David and Danita Rodibaugh were one of the couples named Master Farmers in 2014. They happen to practice no-till and are experimenting with cover crops on part of their farm, but that wasn't the main reason that earned them the Master Farmer recognition, according to the judges. Their outstanding leadership within the ag industry, particularly the pork industry, and their reputation and records as efficient hog producers and good crop farmers swayed the judges, not the type of tillage they do.
That description is in response to this exchange recently.
Caller: I would like to nominate someone for the Master Farmer award.
Myself: Good, the nomination form is available on this Website, and nominations are due Feb. 16. They must be submitted in written form.
Caller: The only problem is I hinted at it and asked the person what he knew about the Master Farmer award, and he didn't seem too enthused.
Myself: Was there a reason? We've recognized over 200 farmers since 1968, and most say they're honored to have received the award.
Caller: He says it's a no-till thing, just for no-tillers. Several of the winners last year were no-tillers. Is he right?
Myself: No, not at all. If the nominee happens to run a good operation and be a great leader, and also happens to no-till, they may be tapped for the award. But being a no-tiller is not a requirement.
Caller: What does it take to win the award?
Myself: The judges generally look at three areas. One is how the person or persons have improved their agricultural skills over their farming career, and if they use progressive techniques, such as precision agriculture, or at least if they have tried these methods. A second big area is if they have taken time to serve their community. Some serve at the state and national level. Obviously that likely indicates a high degree of leadership, but being on a state of national ag group is not a requirement for the award either.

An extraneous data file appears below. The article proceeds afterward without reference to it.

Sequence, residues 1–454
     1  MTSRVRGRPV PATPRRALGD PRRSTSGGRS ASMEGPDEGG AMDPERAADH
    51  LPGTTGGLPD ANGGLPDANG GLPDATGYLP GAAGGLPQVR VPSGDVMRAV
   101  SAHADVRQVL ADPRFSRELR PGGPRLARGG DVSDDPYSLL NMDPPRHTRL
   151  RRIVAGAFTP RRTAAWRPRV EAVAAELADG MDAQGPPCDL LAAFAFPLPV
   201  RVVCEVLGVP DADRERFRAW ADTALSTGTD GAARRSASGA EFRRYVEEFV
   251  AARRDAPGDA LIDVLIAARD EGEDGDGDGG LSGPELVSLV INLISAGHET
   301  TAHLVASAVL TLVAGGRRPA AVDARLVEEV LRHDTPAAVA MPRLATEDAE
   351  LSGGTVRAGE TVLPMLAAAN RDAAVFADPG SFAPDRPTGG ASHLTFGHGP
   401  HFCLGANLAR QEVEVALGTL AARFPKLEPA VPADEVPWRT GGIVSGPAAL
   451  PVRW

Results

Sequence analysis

The third part does talk about stewardship of natural resources – such as the land they have been entrusted to care for. However, there are ways to do that without no-tilling. If they have installed grass waterways and drained wet areas, those are forms of caring for the land.
The answer is no, they don't have to be no-tillers. Have several of the past winners happened to no-till? Yes, but that's certainly not a requirement.
Be sure to take time to nominate someone you respect while there is still time.